Despite the bad news that has battered local football and the Football Association of Singapore (FAS) in recent weeks, most of its commercial partners appear keen on riding out the storm.
While the saga has raised questions about accountability and management of funds, Alfred Toh, general manager of Teamwork Sports LLP, which supplies the S-League with Mitre footballs, said: "We cannot let things like this hamper the growth of football.
"I don't see Mitre pulling out when the chips are down. We will work with the new council."
Long-time sponsor Great Eastern, which has co-sponsored the S-League since 2009, also pledged its support.
Its head of group communications Tan Seck Geok said: "Our reason for co-sponsoring the S-League has not changed - which is to support Singapore football. We intend to meet the FAS council after the election to hear their plans for the league moving forward."
FAN'S VIEW: HOPE FOR THE FUTURE
Singapore football has been at a low point for years but the current circumstances have caused it to sink even lower. This election gives local fans something to look forward to... they can expect some kind of change.
THOMAS HOON , Singapore football fan.
SPONSOR'S VIEW: ONGOING SUPPORT
We cannot let things like this hamper the growth of football. I don't see Mitre pulling out when the chips are down. We will work with the new council.
ALFRED TOH, general manager of Teamwork Sports LLP, which supplies the S-League with Mitre footballs.
ANALYST'S VIEW: BRAND INTACT FOR NOW
The FAS brand is still intact at the moment as we wait to see who will hold their heads high (after the investigation). We have to wait and see if the new (FAS elected council) can make a difference.
SONG SENG WUN , CIMB economist.
On April 20, Commercial Affairs Department (CAD) officers raided the FAS office, as well as the clubhouses of Hougang United, Tiong Bahru FC and Woodlands Wellington.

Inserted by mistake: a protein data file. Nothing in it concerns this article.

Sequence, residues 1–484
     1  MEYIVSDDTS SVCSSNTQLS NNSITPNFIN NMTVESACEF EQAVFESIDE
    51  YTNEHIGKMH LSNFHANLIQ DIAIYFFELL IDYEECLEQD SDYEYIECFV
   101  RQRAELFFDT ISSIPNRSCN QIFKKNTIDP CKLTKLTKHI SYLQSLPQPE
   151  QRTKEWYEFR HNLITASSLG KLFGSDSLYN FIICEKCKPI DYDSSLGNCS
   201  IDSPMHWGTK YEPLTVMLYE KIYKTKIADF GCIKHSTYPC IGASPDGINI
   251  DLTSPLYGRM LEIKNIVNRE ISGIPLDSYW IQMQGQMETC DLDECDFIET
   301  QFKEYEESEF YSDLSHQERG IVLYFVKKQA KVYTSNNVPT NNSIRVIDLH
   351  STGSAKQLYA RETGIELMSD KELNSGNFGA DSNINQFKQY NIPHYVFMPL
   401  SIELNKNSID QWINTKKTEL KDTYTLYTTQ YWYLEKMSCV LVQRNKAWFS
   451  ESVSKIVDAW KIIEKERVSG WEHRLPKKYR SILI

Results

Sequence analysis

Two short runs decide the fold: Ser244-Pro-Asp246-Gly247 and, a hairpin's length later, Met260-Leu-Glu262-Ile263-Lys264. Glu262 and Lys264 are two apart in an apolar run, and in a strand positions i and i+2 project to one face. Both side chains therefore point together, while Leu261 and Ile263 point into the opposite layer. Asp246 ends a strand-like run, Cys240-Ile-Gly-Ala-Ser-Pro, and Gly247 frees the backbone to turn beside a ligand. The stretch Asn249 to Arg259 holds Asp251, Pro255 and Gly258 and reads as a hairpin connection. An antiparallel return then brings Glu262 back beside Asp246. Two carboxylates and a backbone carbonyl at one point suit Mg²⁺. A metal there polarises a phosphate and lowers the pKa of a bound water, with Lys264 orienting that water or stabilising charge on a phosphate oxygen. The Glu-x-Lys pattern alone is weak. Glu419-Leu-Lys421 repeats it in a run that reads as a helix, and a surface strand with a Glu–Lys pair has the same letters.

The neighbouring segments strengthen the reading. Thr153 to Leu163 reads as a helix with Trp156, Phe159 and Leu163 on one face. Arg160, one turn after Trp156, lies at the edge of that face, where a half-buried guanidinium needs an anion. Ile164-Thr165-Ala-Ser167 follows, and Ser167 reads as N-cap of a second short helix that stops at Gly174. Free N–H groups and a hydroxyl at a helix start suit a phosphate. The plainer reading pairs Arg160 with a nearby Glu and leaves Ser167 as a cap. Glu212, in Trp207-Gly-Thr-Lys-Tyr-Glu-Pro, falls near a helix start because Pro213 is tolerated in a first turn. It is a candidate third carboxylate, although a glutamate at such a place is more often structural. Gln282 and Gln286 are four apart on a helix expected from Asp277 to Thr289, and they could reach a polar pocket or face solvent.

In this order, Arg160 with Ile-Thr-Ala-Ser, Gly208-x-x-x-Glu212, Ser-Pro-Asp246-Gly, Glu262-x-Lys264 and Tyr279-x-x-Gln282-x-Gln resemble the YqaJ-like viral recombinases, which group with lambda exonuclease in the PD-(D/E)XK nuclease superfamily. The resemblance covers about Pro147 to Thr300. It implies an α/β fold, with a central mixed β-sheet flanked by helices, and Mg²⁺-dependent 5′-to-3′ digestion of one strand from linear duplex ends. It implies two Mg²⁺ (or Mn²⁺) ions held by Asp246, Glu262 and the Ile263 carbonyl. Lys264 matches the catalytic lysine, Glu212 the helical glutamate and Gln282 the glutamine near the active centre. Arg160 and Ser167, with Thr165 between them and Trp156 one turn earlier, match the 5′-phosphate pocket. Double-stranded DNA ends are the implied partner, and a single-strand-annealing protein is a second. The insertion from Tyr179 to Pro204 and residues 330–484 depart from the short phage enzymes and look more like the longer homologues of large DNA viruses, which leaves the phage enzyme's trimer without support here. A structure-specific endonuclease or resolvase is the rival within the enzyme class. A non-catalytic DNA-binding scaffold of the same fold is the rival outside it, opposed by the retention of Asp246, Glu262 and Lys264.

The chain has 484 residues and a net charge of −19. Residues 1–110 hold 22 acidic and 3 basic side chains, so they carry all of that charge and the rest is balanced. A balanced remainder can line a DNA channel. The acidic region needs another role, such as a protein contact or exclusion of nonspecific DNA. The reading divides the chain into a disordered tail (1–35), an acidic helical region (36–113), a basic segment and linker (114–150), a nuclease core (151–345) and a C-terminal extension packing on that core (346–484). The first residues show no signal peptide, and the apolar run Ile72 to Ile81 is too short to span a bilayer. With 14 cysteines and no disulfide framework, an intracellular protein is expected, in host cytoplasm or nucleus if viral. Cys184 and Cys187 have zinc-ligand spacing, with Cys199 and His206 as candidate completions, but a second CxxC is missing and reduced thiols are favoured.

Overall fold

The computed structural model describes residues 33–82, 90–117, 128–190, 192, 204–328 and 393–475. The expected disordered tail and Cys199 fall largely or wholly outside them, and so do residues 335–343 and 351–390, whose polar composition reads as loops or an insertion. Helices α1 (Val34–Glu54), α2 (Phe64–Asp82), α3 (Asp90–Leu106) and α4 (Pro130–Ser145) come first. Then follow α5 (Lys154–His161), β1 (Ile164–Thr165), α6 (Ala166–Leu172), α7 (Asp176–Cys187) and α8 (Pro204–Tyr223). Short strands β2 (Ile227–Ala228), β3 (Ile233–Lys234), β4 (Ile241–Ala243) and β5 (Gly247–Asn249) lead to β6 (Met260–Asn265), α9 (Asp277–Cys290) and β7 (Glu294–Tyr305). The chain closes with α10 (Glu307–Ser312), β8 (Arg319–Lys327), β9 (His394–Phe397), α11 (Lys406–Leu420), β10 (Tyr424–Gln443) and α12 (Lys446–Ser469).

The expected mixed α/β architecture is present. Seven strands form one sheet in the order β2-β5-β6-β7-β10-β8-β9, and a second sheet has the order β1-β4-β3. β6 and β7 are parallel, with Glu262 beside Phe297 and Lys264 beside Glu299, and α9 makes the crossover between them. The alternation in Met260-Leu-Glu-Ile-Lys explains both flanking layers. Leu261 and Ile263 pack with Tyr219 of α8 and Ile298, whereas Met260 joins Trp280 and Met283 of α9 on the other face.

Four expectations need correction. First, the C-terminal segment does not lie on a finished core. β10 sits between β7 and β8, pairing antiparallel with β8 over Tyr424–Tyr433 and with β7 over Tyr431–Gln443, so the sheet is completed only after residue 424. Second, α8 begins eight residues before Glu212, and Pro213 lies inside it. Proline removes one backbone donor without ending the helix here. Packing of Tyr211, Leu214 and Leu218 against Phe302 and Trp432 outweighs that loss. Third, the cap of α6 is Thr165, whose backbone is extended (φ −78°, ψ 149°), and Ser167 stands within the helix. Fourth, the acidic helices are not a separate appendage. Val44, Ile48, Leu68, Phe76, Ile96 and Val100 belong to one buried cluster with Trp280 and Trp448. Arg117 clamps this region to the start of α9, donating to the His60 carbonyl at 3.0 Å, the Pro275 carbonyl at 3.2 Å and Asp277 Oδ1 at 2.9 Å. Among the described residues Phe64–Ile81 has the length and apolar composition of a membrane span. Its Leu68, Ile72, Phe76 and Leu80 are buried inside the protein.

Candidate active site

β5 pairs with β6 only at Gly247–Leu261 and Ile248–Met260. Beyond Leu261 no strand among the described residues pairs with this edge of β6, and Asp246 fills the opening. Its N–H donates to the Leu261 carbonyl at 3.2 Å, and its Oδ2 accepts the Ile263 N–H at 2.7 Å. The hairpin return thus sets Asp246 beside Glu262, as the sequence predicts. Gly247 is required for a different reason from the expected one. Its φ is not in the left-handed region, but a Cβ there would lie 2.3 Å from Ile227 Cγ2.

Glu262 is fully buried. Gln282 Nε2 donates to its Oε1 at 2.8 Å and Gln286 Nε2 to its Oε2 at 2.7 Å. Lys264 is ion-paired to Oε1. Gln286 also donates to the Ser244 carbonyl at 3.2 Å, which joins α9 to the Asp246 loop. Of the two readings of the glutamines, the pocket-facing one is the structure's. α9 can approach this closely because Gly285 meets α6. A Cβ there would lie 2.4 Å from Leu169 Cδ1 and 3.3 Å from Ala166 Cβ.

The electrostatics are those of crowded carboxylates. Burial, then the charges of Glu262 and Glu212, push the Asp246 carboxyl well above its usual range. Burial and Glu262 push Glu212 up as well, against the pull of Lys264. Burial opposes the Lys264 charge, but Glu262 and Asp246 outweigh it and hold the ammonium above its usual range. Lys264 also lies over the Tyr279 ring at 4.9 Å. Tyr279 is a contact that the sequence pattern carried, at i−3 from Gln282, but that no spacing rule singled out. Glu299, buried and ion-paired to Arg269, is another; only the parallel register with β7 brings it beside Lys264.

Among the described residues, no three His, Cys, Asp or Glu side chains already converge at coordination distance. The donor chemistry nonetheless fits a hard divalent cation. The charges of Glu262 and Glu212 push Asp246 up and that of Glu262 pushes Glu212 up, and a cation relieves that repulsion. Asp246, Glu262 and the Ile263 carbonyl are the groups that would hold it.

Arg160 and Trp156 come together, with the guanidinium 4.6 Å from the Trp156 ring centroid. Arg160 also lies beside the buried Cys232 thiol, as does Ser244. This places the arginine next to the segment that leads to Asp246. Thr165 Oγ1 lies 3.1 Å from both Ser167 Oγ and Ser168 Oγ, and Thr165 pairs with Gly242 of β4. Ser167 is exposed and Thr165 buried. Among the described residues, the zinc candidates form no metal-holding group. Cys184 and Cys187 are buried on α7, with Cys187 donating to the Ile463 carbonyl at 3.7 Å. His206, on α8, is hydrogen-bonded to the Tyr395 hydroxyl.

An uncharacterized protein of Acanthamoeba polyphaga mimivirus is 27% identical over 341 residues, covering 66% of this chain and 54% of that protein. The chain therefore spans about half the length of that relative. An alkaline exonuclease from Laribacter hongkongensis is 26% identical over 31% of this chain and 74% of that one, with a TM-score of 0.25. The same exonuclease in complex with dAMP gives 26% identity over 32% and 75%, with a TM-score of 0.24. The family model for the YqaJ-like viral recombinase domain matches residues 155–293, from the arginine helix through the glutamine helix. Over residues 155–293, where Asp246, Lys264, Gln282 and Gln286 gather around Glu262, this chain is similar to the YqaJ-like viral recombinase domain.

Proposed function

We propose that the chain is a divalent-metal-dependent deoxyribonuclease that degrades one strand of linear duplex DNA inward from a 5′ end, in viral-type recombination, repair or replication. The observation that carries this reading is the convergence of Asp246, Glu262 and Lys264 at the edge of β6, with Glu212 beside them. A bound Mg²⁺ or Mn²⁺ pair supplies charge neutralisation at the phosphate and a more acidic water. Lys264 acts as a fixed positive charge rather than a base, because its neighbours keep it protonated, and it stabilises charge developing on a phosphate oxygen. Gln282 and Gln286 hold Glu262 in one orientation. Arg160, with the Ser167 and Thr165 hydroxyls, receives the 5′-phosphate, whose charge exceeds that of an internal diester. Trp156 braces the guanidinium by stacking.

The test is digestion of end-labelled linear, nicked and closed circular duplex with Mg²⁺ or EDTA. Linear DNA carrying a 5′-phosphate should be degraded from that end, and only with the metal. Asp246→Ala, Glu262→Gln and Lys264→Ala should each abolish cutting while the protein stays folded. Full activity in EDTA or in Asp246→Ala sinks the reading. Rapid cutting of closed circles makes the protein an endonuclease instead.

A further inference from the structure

The raids came after national sports agency Sport Singapore filed a police report into a suspected misuse of club funds at Tiong Bahru and a purported attempt by a Tiong Bahru official to delay the audit into S-League sit-out clubs.
But while the FAS' partners look to be standing by the association, the recent turn of events, which includes a spat over a $500,000 donation, has shaken the confidence among fans, many of whom have questioned the lax governance within the organisation.
Manager Tan Yu Ming, 46, said: "There wasn't any form of checks and balances regarding the donation. It does put a question mark on the FAS management."
Added 45-year-old chef Bruno Gillet: "The reputations of local football and the FAS have been tarnished.
"This might be a one-off scandal but it shows as a whole that the FAS doesn't put in enough effort to remain transparent."
Some supporters are holding out hope that tomorrow's landmark election, the first in the FAS' history, will usher in a new era and address the issues which have come to light in recent weeks.
Thomas Hoon, who is self-employed, said: "Singapore football has been at a low point for years but the current circumstances have caused it to sink even lower.
"At least this election gives local fans something to look forward to, in the sense that they can expect some kind of change."
This attitude was also echoed by Lionel Quek, operations manager at Field Catering & Supplies, distributor of the S-League's official drinking water Polar. He said: "We have been supporting the FAS and S-League for the past 15 years and we will continue to do so.
"We don't know the finer details of it (the CAD investigation) and we just want to carry on our duty of contributing to Singapore football."
The image of Singapore football may have taken a hit but it will survive, said CIMB economist Song Seng Wun, though he added much will depend on the outcome of the investigations.
"The FAS brand is still intact at the moment as we wait to see who will hold their heads high (after the investigations)," he noted.
"We just have to wait and see if the new team (FAS elected council) can make a difference."
•Additional reporting by Ian Kiew, Ho Cai Jun and Zhao Jiayi